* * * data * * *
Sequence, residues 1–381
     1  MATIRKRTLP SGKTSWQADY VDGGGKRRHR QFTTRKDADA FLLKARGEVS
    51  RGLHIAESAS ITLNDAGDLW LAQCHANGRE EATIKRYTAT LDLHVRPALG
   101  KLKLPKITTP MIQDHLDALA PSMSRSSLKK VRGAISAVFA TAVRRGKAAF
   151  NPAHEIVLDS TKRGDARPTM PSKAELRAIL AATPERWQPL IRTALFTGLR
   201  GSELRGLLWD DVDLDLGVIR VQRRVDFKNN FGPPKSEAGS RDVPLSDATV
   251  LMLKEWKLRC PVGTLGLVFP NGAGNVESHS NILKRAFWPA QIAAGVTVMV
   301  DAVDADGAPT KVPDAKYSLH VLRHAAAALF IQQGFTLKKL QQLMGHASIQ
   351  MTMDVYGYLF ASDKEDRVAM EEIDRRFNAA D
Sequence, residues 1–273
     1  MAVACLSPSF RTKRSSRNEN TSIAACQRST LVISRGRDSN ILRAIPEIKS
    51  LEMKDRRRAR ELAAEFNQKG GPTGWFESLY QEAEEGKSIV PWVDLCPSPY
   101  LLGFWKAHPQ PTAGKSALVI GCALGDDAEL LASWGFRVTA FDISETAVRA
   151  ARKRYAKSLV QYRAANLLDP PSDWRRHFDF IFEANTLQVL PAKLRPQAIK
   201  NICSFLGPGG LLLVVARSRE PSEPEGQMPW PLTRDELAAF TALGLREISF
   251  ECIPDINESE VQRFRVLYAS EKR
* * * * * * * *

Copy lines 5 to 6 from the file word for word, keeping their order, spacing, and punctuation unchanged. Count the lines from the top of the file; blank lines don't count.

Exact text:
   151  NPAHEIVLDS TKRGDARPTM PSKAELRAIL AATPERWQPL IRTALFTGLR
   201  GSELRGLLWD DVDLDLGVIR VQRRVDFKNN FGPPKSEAGS RDVPLSDATV